By: Thoboloko Ntšonyane

MASERU – The issue of the parliamentary budget has recently been in the spotlight again as the debate over the executive providing resources to this oversight organ has intensified.

Among the three organs of the State—the Judiciary, the Legislature, and the Executive—the Executive allocates the budget for the other two to undertake their mandates.

The Speaker tells the House this last Friday after the All Basotho Convention (ABC) proportional representation (PR) member Hon Montoeli Masoetsa expresses concern regarding the low budget, which impedes them from effectively conducting their oversight role.

Masoetsa further calls on the Judicial Service Commission (JSC) to introspect, complaining about rulings that sometimes bar parliament committees to investigate the conduct of government agencies and ministries.

There have been ongoing debates that the Legislature and Judiciary receive lower budgets despite being equal in standing to the Executive.

The Speaker says he has taken notice of this and other issues.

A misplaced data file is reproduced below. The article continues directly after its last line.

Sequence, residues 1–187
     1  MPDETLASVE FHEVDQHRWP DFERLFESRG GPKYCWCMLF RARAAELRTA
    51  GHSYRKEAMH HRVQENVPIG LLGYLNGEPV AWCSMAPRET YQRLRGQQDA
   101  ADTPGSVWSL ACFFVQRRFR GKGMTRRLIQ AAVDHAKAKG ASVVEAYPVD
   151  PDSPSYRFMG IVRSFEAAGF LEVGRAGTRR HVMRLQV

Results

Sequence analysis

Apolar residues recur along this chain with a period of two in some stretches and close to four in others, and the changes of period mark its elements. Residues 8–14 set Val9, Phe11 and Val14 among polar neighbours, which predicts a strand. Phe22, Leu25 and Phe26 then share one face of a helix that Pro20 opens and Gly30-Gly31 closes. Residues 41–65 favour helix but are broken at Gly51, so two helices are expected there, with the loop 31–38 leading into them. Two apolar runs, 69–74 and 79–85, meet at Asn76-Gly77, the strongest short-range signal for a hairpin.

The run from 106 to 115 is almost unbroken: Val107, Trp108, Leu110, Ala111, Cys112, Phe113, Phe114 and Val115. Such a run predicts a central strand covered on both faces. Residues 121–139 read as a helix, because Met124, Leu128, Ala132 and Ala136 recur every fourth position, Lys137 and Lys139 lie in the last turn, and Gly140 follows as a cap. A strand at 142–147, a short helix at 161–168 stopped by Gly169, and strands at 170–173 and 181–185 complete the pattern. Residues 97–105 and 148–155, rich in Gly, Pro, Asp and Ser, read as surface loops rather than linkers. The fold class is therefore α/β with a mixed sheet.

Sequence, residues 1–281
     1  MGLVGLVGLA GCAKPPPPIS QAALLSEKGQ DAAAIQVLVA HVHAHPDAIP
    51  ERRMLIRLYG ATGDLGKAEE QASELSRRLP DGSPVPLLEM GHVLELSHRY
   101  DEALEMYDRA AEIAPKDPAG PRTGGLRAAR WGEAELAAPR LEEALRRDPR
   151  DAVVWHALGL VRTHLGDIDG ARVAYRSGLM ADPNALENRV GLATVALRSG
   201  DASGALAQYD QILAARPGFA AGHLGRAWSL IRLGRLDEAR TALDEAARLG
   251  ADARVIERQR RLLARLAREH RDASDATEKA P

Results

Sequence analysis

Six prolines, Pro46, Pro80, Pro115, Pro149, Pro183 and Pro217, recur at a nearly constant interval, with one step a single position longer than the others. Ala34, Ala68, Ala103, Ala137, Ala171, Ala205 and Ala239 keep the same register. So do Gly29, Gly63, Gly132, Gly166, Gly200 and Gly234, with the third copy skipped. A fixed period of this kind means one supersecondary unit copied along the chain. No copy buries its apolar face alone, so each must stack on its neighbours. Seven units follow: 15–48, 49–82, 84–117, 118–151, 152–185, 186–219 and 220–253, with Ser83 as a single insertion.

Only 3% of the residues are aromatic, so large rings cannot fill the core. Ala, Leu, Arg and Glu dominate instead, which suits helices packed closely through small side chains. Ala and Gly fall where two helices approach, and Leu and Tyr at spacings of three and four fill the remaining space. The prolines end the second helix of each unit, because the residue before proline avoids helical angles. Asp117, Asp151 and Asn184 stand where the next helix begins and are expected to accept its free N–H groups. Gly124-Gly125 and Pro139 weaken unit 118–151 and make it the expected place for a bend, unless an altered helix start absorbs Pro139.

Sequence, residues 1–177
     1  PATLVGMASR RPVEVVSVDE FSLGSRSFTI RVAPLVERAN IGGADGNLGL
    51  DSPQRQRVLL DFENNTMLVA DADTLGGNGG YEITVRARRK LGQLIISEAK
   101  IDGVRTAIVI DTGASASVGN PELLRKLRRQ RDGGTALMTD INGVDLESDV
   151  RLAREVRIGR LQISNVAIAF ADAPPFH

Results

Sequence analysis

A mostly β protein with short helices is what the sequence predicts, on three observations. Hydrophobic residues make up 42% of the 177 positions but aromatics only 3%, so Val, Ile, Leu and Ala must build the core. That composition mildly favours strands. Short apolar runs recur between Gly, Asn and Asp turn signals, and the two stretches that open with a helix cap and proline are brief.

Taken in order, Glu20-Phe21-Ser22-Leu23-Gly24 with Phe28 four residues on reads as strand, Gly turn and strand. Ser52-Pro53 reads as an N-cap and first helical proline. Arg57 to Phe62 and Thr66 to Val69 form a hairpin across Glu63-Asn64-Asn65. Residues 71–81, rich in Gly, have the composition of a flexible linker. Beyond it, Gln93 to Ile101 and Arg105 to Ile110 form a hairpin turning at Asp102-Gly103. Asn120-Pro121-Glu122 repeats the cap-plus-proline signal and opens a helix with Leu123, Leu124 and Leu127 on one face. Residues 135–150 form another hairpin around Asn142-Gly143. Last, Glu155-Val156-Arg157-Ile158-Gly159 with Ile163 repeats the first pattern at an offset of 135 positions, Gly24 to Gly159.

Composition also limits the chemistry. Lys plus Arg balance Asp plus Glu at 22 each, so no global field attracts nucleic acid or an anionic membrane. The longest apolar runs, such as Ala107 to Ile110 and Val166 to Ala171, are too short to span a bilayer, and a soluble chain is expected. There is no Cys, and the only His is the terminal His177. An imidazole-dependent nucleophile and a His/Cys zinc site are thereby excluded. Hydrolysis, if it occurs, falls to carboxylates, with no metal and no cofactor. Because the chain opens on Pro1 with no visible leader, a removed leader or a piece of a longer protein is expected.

“As the parliament, we are in the process of enacting the law that will see it ably perform its functions. One of the fundamental duties of Parliament is to provide oversight to the executive. The executive faces the challenge of allocating a budget to Parliament, which legally provides oversight on it,” he says.

Sekhamane says he has studied the budget allocated to the parliament.

For the financial year 2024/2025 the National Assembly has been allocated the sum of M103, 776, 792 almost four times to what the Upper House has received, which is M26, 509,492.

He says at some point the members of parliament (MPs) as they exercise their oversight functions on committees, should be able to engage experts to verify and ascertain the authenticity and of some things such as engaging accountants and architects to carry out assessments on construction projects.

The Speaker stresses: “So you need the budget to pay experts, be it accountants, architects or engineers. And when you do that, you are performing the oversight function”.

He notes that the very minister over whom they perform an oversight function could withhold resources from parliament at any time, especially when they are about to investigate the work of his portfolio.

He points out that there is a “contradiction” that needs to be addressed in order for the parliament to have a “modicum of autonomy”, promising that they are working on this issue “maturely”.

“We will address this issue to ensure the government of Lesotho runs smoothly. As long as the executive determines how much the parliament is to be allocated each year, there will always be a problem.

“We will address this issue maturely. I am working on it constructively, and maturely it will fix this and many other issues,” he underscores.